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Integrating Interdisciplinary Project-Based Design Streams into Upper-Level Electrical Engineering Courses: A Methodology toward Implementing Applications-Oriented, Associative Project Streams into Electrical Engineering Courses

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2013 ASEE Annual Conference & Exposition


Atlanta, Georgia

Publication Date

June 23, 2013

Start Date

June 23, 2013

End Date

June 26, 2013



Conference Session

Design Pedagogy and Curriculum 2

Tagged Division

Design in Engineering Education

Page Count


Page Numbers

23.774.1 - 23.774.8

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Paper Authors


Scott Anthony Grenquist Wentworth Institute of Technology

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Scott Grenquist is currently performing Sabbatical Research in interdisciplinary, project-based-learning techniques at Royal Melbourne Institute of Technology and The University of Melbourne in Melbourne, Victoria, Australia. He is also concurrently an Associate Professor of Electrical Engineering at Wentworth Institute of Technology in Boston, Massachusetts. Scott received his doctorate from Curtin University of Technology in Perth, WA, Australia, his MSEE and BSME from The University of Notre Dame, and his BA in Modern Languages (Japanese) also from The University of Notre Dame. Scott has worked in Elementary Particle Physics at The University of Notre Dame, taught Mechanical Engineering Technology at Purdue University, taught Physics at The University of Newcastle in Australia, taught Engineering and performed research at The Instructional Software Design Center at The University of Missouri-Rolla and has taught Electrical Engineering at Wentworth Institute of Technology in Boston for the past 15 years.

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AbstractIn early September, 2010, the first upper-level, engineering course to include a semester-long, parallelAssociative Project Design Stream (APDS) in its curriculum was introduced into the ElectromechanicalEngineering Course Offerings in the Department of Electrical Engineering and Technology at WentworthInstitute of Technology. That first course to include a semester-long APDS was ELEC 443, Analog CircuitDesign. The assessment of the semester-long APDS was 15% of the students’ overall assessment for thecourse, thereby making it a non-insignificant portion of their final course grade. However, even though theassessment was only 15% of their overall grade, it was found that the students allocated approximately 30%of their total time toward working on their semester-long APDS. By all accounts, the integration of thesemester-long APDS into the course was an overwhelming success in the case of the Analog Circuit Designcourse. Due to that success, it was decided to methodically expand the semester-long APDS into both other“design” and “non-design” courses throughout the curriculum. Simultaneously, there would also beconstant analysis of all aspects of the APDS program implementation. This methodical approach was takenin order to both tailor the semester-long APDS to individual courses, as well as to discern the most optimummethod of implementing the semester-long APDS into existing “non-design” courses. Eight months later,during the Summer Semester of 2011, two semester-long APDS’s were integrated into two engineering“non-design” courses, ELEC 496, Advanced Sensors and Interfacing Systems, and ELEC 486, ComputerSystems Architecture. Following the successful implementation of those respective semester-long APDS’sinto those two “non-design” courses, the following semester, Fall Semester 2011, another semester-longAPDS was integrated into another engineering “non-design” course, ELEC 586, Motors and Controls. In theSummer Semester of 2012, the semester-long Associative Project Design Streams that had been previouslyintegrated into the courses “Advanced Sensors and Interfacing Systems” and “Computer SystemsArchitecture” were further refined, with a view toward implementing reforms into the semester-long APDSstructure that would allow better coordination of the design projects by the instructor, as well as to allowbetter integration of the APDS into the overall composition of the respective courses. This paper discussesthe multitude of reasons for the original integration of the semester-long APDS into upper level courses(authentic learning practices, project-based learning, teamwork building, communication skills), as well asthe problems and benefits of integrating the semester-long APDS into historically “non-design” courses.The paper also analyzes the efficacy of the later reforms that were incorporated into the semester-longAPDS structure, dependent on the feedback encountered after their initial integration.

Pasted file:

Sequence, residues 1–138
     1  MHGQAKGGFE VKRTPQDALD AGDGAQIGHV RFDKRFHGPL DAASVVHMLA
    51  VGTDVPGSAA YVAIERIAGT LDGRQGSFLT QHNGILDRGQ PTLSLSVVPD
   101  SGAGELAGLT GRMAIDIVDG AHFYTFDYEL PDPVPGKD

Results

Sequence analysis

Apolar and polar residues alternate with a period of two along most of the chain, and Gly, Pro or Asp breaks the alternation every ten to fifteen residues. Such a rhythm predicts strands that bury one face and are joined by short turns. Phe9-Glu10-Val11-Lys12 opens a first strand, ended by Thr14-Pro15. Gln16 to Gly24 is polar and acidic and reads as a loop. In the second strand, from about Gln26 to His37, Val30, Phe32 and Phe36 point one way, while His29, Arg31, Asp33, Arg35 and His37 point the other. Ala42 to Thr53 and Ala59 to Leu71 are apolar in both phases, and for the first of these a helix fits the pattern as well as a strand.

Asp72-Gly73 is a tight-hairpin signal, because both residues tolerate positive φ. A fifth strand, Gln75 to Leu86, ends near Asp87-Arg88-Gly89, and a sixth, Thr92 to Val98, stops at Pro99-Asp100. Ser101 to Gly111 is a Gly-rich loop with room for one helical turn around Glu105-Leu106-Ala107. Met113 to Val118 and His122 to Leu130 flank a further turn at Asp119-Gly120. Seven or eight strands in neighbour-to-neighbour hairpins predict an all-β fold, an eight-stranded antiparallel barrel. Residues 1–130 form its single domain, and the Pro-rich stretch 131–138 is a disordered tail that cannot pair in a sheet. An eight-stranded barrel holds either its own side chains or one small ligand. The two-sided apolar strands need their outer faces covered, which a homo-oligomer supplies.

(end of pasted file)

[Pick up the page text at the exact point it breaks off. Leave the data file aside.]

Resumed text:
Grenquist, S. A. (2013, June), Integrating Interdisciplinary Project-Based Design Streams into Upper-Level Electrical Engineering Courses: A Methodology toward Implementing Applications-Oriented, Associative Project Streams into Electrical Engineering Courses Paper presented at 2013 ASEE Annual Conference & Exposition, Atlanta, Georgia.

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